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New To Gluten Free/allergen Free Diet...please Help

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:unsure: Well I posted several months ago wondering if I had a gluten intolerance because of a miriad of symptoms I have. I recently went to a holistic medical center and had a bunch of tests done, which included food sensitivities. It was IgG and done by Alletess Medical Laboratory. Turns out I'm sensitive to a lot of things.

barley, green beans, pinto beans, bran, cantaloupe, cashew, cow's milk and all dairy, clam, corn, crab, egg yolk, garlic, gluten, haddock, lobster, malt, peanut, pineapple, rye, shrimp, soybean, swordfish, black walnuts, wheat, baker's and brewer's yeast, and yogurt

Anyway, I've been trying my best to avoid these foods since I got the results on Friday, but I know I've probably messed up a few times. I ate some chips that had corn oil as an ingredient, and when I went out to eat with a friend I had french fries and an asian dish with a sauce (and I had no idea what was in the sauce).

I'm going to call the company who did my test, since I can call their nutritionist and ask questions for free, but I thought I'd ask here as well. It mentions in a booklet from the laboratory that I can't have cane sugar or honey because they contribute to yeast overgrowth. Well I thought I was just sensitive to yeast, but it appears I have candida. What is the difference between yeast sensitivity and having candida?

And does that mean I can't have any foods with added sugar, just those that contain sugar naturally? I have a sweet tooth, so I'm hoping that in a couple months I'll be able to have some sugar or honey again.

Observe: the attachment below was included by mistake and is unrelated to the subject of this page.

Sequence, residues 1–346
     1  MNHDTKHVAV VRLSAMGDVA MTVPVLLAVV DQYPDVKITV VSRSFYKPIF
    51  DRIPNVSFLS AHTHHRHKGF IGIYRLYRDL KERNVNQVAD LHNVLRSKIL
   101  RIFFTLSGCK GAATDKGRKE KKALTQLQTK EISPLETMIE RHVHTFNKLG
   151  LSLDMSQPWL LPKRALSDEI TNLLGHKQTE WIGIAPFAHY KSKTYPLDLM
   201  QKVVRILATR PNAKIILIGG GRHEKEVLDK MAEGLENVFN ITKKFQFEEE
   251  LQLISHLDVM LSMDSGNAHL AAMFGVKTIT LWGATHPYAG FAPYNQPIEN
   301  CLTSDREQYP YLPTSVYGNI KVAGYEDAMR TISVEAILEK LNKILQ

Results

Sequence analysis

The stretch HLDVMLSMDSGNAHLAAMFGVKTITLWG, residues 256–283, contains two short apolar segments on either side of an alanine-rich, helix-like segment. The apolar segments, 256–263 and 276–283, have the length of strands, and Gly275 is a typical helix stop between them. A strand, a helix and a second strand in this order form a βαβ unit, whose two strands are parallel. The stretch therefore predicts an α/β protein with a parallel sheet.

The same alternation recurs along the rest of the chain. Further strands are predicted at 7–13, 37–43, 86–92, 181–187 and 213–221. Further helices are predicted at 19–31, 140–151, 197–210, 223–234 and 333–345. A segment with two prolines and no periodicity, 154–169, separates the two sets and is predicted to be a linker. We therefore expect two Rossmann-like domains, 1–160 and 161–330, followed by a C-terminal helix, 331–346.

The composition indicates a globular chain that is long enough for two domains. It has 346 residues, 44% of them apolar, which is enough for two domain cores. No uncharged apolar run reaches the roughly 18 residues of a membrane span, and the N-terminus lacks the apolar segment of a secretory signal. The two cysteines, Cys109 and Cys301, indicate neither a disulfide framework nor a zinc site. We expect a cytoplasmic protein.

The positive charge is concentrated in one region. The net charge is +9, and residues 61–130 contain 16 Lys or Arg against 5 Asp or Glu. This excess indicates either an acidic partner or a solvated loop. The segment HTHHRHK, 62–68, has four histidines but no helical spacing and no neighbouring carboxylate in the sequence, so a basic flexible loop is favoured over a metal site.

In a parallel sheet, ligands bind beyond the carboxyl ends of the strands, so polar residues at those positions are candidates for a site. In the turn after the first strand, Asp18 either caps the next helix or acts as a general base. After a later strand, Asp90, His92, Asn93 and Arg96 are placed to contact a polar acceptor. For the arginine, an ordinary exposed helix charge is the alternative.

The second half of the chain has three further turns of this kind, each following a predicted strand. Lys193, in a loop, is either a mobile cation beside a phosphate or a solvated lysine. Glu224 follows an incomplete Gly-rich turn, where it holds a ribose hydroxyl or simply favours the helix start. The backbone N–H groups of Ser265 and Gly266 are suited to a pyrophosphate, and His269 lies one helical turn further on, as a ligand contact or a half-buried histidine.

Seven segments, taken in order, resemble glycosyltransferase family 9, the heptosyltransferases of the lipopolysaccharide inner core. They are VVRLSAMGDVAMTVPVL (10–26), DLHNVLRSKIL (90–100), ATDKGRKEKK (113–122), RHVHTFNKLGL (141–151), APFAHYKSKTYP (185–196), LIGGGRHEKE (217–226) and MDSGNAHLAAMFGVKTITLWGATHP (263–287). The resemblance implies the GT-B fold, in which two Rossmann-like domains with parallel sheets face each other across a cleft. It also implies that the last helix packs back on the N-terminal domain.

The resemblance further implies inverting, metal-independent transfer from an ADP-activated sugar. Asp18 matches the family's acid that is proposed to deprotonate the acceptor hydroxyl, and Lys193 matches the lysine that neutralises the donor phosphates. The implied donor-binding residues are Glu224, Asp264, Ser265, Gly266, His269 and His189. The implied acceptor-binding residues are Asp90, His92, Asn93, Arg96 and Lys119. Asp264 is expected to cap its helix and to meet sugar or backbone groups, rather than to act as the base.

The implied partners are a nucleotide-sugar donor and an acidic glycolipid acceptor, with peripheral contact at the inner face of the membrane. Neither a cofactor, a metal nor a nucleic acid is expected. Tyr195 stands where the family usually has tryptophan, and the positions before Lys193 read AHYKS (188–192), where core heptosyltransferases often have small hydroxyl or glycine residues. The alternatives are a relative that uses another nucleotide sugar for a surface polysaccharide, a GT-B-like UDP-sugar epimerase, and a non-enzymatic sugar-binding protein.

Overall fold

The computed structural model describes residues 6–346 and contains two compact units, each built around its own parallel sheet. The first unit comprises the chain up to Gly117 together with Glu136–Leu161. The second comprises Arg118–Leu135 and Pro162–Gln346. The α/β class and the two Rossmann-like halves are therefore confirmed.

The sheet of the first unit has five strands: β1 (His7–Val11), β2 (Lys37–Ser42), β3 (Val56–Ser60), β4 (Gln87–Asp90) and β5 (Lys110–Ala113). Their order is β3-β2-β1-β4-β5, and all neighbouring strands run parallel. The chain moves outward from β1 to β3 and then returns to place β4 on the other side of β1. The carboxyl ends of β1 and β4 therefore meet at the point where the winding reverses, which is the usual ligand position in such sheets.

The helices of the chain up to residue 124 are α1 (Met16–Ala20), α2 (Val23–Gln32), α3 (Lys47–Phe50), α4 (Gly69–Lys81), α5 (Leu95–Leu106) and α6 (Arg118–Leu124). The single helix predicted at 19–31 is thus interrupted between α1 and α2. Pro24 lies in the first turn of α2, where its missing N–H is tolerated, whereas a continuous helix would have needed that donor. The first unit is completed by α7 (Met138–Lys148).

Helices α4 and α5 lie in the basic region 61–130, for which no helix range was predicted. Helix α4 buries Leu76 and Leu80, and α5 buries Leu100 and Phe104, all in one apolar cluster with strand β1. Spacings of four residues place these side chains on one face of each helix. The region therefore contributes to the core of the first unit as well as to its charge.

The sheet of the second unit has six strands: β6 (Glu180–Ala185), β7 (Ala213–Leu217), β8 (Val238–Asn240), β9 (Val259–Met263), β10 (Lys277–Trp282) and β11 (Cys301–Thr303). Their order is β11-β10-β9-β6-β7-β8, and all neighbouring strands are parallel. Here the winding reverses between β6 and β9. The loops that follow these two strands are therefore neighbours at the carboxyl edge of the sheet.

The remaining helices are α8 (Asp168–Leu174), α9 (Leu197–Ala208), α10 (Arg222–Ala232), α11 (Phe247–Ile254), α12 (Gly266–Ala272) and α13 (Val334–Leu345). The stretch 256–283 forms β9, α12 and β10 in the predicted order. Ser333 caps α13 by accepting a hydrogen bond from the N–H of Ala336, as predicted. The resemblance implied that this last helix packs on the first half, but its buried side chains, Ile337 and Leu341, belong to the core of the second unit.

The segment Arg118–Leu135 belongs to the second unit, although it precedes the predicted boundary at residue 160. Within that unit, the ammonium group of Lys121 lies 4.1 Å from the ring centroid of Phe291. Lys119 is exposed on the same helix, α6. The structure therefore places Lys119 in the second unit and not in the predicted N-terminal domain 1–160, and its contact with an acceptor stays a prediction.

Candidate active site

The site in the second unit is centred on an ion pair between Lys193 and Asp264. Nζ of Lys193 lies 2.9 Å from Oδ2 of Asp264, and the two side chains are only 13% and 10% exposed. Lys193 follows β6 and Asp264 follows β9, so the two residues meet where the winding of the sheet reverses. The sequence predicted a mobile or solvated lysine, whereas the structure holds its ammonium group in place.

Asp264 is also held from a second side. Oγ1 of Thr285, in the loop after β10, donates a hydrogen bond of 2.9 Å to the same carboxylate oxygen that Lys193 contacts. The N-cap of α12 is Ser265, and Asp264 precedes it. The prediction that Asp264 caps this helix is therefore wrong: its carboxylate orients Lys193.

I also understand that I probably won't react to all the foods I tested as sensitive too. My doctor said I'd just have to avoid some of the foods for 3 months, some for 4, and some for 5, before adding it back and seeing if I have a reaction.

Forgive me for my rambling on, I'm feeling very stressed right now. I just want somebody to explain the yeast sensitivity/candida thing, and give me insight into elimination diets. :unsure:

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I think, and this is my opinion only, that if you get your diet balanced up otherwise into what you should be eating, that the "yeast" overgrowth situation will take care of itself. This means more proteins, good fats such as olive oil and coconut milks, vegetables, and fruits, and fewer highly processed carbohydrates high on the glycemic index, such as white breads, white rice, and cane sugar. For some people, dairy products contribute to yeast overgrowth. Yeast is a fungus and the theory is that the fungus is over running the "good" bacteria in the gut that you depend on for digestion.

The most important diet is one that you can stick to.

I was tested out as a teenager as sensitive to a lot of things, but they missed the wheat problem because it was auto immune. I tried giving up all these other things, and nothing happened. I still was hyper sensitive to some things in my environment. I resumed eating them, and thought that as I aged, I was very fat intolerant because of a probable gall bladder problem, and just getting lactose intolerant with age. It was only when I went gluten free (initially I was grainless) that most of the other "allergy unknown" problems stopped, along with the glutening symptoms, which are different for me than a lot of other people.

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If you actually have candida overgrowth (and you need to actually get specifically tested for this to be sure), it will generally not clear itself up. There is a specific naturopathic treatment regimen involving a strict sugar and starch free diet, including removing fruit and certain high sugar veggies, along with some specific anti-candida extracts.

There is also a standard western regimen involving pharmaceutical anti-yeast/anti-candida prescriptions, but it also involves adherence to a strict period of no sugars and extremely restricted starches (both quantity and type).

Candida displaces a specific family of bacteria in the intestinal tract when you have a intestinal pH that is too acidic. The stomach is acidic, the intestines are supposed to be alkaline (opposite of acid). However, people who have Candida also usually have other gut flora issues and generally suffer from an imbalance of gut bacteria anyway (google:intestinal dysbiosis).

My wife had a severe Candida issue that she finally was able to get under control, but it took her a year of no sugars, fruit, starches, or grains, along with some anti-Candida enzymes.

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